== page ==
2. Loans from commercial banks. In the past, the central government could order commercial banks to issue loans to local governments for environmental infrastructure and not be concerned about the ability of repayment. Concerns about potential financial instability from the growing amount of bad debt on bank books have led the central government to become more cautious in allocating commercial loans to local governments. Moreover, today, commercial banks often refuse to cave into government pressures to give loans.
  3. Encourage local governments to come up with more funds. Du Ping believes this is a strategy that needs to be more fully pursued. However, due to limited financing ability, most local governments can do little to generate local funds for environmental infrastructure. For example, even the governments of Beijing and Shanghai struggle to reach the Tenth FYP environmental investment targets due to limited municipal budgets.
  4. Additional foreign investment. During the Ninth FYP, foreign assistance for environmental protection was 5 billion USD. Estimates cite that this figure dropped to 3.5 billion USD during the Tenth FYP period. Future increases in "green" FDI for cities will depend on China creating attractive investment policies.

While the above investment strategies may cover current urban environmental protection financing, to ensure long-term investment funds many Chinese experts are exploring some U.S. municipal financing practices, such as bonds. Municipal bonds have been the core source of urban environmental investment in U.S. cities for decades. While adopting the U.S. municipal bond system would be very challenging for China, there are several means by which China could begin to create a foundation for establishing a municipal bond system in China:

  1. Adjust some existing laws and regulations. The term of municipal bonds needs to be relatively long. Therefore, without a mature legal framework to guarantee investor's interest, it would be difficult to attract investors to enter municipal bond markets. Du Ping noted that even China's national treasury bond and stock exchange markets over the past decade have suffered from the lack of sufficient laws and regulations to protect investors.
  2. Policy preparation. Du Ping noted that his participation in the Wilson Center municipal bond workshops and training seminars have helped him learn about some policy requirements for municipal bonds, such as taxation benefits. He reflected that while a number of local governments in China have tried quasi-municipal bonds through large enterprises, none have addressed essential policy changes to make this financing tool effective in the long run.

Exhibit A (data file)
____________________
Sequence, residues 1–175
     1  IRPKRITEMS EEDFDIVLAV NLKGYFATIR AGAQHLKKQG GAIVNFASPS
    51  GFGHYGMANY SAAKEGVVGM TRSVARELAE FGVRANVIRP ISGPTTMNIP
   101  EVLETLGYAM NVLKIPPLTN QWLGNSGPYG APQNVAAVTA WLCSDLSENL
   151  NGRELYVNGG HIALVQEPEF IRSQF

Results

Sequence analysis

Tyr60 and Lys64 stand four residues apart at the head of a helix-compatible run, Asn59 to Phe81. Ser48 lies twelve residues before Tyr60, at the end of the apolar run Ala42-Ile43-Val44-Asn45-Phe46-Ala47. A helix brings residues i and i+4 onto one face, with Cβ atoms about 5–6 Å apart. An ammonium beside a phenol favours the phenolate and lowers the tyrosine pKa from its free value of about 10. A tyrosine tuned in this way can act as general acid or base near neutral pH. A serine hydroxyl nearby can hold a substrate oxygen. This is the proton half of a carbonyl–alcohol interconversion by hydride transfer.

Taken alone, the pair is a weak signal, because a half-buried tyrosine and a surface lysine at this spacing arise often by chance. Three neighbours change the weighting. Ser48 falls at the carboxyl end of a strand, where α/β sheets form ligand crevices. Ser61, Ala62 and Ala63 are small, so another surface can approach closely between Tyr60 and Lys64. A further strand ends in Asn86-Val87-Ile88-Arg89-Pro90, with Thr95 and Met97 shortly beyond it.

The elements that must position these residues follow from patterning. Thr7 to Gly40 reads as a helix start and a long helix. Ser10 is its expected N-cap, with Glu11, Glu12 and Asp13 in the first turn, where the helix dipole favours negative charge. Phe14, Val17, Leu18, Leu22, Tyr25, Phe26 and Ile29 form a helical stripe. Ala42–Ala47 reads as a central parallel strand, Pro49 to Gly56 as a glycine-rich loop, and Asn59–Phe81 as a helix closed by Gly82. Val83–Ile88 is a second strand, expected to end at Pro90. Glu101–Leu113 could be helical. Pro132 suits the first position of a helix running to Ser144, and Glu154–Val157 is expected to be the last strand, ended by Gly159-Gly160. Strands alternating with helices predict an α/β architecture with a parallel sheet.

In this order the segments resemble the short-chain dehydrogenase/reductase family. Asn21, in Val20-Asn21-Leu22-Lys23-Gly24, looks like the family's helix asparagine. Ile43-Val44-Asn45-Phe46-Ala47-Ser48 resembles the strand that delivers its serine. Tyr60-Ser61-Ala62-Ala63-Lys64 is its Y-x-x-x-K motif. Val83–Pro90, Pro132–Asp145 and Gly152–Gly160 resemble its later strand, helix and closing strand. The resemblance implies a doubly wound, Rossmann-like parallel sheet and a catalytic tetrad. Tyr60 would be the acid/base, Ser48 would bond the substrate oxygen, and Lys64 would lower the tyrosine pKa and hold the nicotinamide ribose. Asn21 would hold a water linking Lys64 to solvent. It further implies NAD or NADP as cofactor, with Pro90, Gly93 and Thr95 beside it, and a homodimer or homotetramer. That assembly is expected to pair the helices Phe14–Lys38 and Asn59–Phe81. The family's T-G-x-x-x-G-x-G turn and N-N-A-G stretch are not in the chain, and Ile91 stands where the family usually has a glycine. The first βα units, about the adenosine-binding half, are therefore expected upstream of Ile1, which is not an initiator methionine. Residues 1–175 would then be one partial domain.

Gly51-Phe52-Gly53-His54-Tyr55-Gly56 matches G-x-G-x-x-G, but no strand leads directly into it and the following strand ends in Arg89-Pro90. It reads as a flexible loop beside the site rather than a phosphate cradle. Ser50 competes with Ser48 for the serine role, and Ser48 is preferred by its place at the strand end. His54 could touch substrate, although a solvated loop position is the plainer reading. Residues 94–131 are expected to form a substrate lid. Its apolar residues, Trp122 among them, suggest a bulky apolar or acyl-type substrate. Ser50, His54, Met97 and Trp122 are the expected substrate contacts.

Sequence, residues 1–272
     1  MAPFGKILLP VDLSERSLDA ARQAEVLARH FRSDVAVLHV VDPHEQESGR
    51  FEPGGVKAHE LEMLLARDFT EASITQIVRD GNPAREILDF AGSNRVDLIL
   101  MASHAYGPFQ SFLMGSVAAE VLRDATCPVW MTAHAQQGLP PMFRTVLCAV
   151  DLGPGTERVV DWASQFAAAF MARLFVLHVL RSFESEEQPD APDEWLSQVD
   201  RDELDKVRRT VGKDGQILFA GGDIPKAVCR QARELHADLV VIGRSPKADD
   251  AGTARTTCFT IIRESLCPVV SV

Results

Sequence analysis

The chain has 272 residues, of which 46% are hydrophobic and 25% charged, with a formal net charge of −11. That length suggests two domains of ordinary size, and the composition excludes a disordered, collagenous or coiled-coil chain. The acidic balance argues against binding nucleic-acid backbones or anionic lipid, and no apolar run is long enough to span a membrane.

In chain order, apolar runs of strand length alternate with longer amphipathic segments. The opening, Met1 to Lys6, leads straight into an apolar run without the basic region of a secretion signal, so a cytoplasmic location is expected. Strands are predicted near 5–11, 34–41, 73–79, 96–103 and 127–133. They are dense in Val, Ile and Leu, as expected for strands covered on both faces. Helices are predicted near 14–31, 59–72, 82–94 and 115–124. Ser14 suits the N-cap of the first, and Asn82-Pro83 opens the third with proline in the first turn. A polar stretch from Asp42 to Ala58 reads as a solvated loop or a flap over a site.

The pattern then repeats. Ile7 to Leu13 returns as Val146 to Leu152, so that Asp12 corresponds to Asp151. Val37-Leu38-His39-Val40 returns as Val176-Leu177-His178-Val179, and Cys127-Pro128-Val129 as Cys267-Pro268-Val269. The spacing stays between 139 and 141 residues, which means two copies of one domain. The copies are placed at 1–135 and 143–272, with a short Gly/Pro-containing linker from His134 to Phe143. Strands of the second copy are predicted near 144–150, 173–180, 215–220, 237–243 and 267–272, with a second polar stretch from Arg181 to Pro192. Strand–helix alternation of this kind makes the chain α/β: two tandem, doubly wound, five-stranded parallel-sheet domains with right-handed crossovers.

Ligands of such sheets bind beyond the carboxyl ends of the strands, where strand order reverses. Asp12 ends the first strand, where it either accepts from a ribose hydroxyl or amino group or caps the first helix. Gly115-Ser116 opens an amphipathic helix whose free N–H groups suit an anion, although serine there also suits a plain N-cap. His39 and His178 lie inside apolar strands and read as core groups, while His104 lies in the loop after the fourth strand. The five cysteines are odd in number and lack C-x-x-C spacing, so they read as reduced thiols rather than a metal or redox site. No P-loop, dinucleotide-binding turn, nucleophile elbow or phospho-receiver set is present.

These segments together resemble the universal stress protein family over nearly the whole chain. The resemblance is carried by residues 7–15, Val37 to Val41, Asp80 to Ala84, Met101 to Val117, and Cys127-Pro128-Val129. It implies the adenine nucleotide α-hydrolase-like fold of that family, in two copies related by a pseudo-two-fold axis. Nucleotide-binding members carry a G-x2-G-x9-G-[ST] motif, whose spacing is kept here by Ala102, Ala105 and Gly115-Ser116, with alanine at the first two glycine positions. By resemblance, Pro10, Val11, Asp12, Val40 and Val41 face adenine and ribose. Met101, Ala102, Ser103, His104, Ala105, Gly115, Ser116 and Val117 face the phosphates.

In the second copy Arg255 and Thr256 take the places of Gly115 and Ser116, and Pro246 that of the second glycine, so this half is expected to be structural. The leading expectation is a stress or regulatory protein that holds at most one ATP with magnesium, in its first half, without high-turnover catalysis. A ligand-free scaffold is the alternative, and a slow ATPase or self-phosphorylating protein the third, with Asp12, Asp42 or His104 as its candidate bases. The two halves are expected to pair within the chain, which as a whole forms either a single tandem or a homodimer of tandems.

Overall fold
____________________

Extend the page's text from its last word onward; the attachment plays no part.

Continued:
3. Establishment of nationwide standards. Du Ping believes China needs to have the central government review and approve bond proposals and determine the scale of such bonds, for he did not think that in the near term it would be logistically feasible to have local citizens vote on such decisions in China.
  4. Minimize risks. China has some experience in risk management in terms of bank loans and other financial markets, but not in the municipal bond area. The extensive measures undertaken in the United States to prevent state budget crises around municipal bonds highlights how China could learn much on risk minimization from the U.S. experience.

As the end of the Tenth FYP quickly approaches with many environmental targets unmet, Chinese policymakers feel the pressure to adopt policy changes to reform the financing system for environmental infrastructure. Du Ping speculated that the upcoming Olympic Games and Shanghai World Expo could help to push the concept of municipal bond reforms in Beijing and Shanghai.

Reflecting on the financing demands of his own city Tianjin, which over the next decade will need at least 190 billion Yuan to clean up pollution on the Hai River, Wu Jinghua noted that he sees a great potential to issue municipal bonds in China. Developing a municipal bond market will be an arduous task, particularly because fee rates for wastewater and landfills are currently much too low in China. While water user fees in Beijing were recently doubled, such fees will have to rise much more to help create the necessary market for supporting bonds for wastewater treatment plants.

China's Enterprise Bond Market

Following Du Ping's review of investment in basic environmental infrastructure in China, Xu Xiaobo presented an overview of the past and current trends of the enterprise bond market in China.